Rob Tornoe, for Editor & Publisher, takes a look at the current status of
newspaper syndication as it involves comic strips and editorial cartoons (and puzzles).
Rob starts the article with self-syndicated cartoonist Chad (Tundra) Carpenter.
While “Tundra” has lost some papers that were forced to cut back or shutter during the pandemic, he did benefit from McClatchy’s decision last year to standardize their daily comics pages across all their newspapers, which includes big metros like the Miami Herald and the Kansas City Star.
“We picked up 52 newspapers, which was really kind of an unexpected surprise right during COVID,” Carpenter said. “So, that was nice, and that made up for a lot of anything we lost.”
Then moves on to most of the syndicates.
The syndicate … said that as of mid-May, they hadn’t had a single cancelation from any clients as a result of moving from The Washington Post to their own service.
“Basically, we just said no change in pricing, no change in distribution, the bills will go to a different place, and that’s really it for now,” Anderson said. “This has worked out really well for the cartoonists because they may come out of this unscathed. That’s what we’re hoping for, but we’ll have to wait and see.”
“Gone are the days where launching a strip into syndication was the ultimate end,” [general manager of features Brent] Bartram said. “Now, not only do we want to work on getting it into the syndication world, we want to look at book publishing; we want to look at animation, live-action and other entertainment possibilities.”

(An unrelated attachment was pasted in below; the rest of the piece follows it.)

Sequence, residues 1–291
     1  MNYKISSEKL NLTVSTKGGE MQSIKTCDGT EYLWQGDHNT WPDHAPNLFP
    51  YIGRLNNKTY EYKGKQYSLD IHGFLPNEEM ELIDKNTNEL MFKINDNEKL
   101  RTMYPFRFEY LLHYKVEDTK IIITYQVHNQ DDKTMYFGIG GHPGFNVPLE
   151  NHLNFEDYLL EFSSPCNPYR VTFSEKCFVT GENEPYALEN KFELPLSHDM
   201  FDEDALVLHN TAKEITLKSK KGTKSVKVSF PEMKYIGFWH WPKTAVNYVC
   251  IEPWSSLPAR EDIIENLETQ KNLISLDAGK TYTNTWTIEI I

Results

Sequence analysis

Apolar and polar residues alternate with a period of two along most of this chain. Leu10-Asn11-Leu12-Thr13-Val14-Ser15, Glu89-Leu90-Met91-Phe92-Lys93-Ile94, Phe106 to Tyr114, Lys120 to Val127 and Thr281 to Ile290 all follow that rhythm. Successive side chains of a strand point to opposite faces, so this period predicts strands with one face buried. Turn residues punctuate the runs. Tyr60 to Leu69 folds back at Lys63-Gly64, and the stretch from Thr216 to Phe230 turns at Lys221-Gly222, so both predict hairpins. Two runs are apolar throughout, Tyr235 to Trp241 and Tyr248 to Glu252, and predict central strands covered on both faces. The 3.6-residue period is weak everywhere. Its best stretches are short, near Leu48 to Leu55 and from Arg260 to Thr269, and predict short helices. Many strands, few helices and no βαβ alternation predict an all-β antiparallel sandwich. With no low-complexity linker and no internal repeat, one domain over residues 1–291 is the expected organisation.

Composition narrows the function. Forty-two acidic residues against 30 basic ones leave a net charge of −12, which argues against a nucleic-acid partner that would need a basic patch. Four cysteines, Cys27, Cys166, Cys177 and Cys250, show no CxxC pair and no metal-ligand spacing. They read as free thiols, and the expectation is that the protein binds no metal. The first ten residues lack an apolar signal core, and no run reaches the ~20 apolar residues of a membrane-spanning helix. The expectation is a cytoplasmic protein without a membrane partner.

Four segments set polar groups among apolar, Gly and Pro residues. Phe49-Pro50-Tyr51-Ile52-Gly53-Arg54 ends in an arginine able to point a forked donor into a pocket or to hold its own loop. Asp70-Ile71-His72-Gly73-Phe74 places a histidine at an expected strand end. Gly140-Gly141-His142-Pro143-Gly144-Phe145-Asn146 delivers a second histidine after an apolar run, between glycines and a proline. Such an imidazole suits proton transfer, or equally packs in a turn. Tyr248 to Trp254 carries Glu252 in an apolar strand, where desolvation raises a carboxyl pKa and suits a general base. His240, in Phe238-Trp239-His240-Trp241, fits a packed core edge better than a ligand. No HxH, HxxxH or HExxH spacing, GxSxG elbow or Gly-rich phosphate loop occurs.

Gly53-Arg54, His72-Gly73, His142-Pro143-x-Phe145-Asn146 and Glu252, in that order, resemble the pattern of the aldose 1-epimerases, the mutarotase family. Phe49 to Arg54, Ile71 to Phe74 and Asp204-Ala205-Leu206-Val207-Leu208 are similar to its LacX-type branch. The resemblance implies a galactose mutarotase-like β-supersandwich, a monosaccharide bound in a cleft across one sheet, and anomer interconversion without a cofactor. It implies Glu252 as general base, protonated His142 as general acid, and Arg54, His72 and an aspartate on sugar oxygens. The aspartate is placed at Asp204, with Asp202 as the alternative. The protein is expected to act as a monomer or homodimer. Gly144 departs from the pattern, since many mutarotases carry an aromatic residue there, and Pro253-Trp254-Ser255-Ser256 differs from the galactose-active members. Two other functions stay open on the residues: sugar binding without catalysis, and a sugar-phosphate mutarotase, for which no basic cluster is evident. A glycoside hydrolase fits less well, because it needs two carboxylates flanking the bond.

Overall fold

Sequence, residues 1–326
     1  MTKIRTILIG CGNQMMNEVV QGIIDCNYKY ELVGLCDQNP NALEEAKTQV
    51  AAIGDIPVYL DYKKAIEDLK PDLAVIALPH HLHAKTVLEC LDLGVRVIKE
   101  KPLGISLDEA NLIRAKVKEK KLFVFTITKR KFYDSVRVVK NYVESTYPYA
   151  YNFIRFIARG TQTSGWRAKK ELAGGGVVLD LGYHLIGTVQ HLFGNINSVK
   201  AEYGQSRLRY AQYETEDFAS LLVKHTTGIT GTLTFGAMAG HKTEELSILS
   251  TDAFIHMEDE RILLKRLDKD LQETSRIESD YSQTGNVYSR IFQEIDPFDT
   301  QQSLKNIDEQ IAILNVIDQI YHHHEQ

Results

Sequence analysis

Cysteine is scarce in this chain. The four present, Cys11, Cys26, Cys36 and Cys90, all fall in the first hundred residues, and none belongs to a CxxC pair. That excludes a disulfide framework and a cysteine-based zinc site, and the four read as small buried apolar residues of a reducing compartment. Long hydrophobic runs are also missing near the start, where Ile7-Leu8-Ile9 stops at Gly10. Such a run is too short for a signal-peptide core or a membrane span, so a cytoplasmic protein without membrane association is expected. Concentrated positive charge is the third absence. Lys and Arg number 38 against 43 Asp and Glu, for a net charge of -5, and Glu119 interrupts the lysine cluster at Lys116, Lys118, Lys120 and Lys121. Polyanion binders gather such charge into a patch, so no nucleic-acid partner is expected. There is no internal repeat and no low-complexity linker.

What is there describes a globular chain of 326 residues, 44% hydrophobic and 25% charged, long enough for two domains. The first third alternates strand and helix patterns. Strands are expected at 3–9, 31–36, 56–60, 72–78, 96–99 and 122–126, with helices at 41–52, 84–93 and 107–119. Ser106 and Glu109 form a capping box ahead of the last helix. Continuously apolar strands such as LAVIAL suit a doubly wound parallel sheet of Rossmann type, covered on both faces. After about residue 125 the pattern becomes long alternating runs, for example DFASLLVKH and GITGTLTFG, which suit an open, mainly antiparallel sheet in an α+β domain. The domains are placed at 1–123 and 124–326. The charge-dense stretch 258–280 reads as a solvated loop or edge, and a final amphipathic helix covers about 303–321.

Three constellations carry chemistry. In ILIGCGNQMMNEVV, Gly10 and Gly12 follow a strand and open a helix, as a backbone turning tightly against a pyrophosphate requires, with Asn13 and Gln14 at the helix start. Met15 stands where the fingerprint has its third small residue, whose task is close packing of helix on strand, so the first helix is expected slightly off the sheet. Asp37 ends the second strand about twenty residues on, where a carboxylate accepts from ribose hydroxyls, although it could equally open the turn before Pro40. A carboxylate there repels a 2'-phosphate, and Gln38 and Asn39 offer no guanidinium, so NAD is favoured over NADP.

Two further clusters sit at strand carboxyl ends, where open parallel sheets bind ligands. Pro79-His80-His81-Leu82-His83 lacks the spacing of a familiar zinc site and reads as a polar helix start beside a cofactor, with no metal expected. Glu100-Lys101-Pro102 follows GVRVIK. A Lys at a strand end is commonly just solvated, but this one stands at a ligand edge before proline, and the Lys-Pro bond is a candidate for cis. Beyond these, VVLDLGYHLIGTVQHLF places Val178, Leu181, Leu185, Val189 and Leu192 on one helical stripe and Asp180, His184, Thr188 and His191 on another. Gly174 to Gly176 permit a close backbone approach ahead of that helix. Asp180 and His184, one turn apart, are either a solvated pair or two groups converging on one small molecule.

“Previously, an editor would buy a feature for their publication,” [CEO Jack] Newcombe said. “Now, hedge funds and private equity firms, most notably Alden [Global] Capital, have purchased large groups of newspapers and are primarily focused on cutting costs.”
Instead, the process is more like a corporate negotiation, with large chains like Gannett and Alden looking for the best rates possible.
“This shift has been good for us in that we have been able to forge strategic partnerships with these groups.”
Despite the difficult conditions in the marketplace, King Features has launched several new comic strips over the past few years, including the Argentinean strip “Macanudo” by Ricardo Siri (who goes by the pen name Liniers) and “Rae the Doe” by Olive Brinker.
But King’s most interesting move is a foray into comics journalism with “Legalization Nation,” which covers the growth of the increasingly mainstream cannabis industry.
Many cartoonists hope Pulitzer’s new “Illustrated Reporting and Commentary” category will encourage newspapers and online news organizations to give comics journalism a chance.
[Daryl] Cagle says over 800 clients purchase his syndicate’s content bundle, which offers unlimited use of 26 American cartoonists and 30 international cartoonists for one price.
In the face of so much cost-cutting and consolidation, Cagle has always focused on keeping the cost of his service low, including the refusal to charge a delivery fee, noting that digital content delivery replaced the cost of mailing features years ago.
The above are short excerpts of Rob’s survey of the current syndication business.
A common thread from all the syndicates:
Outside of comic strips, Bartram said demand remains high for puzzles.
Like every other syndicate, Creators touted the popularity of its games and puzzles.
Like other syndicates, Kettler touted the interest in puzzles and games.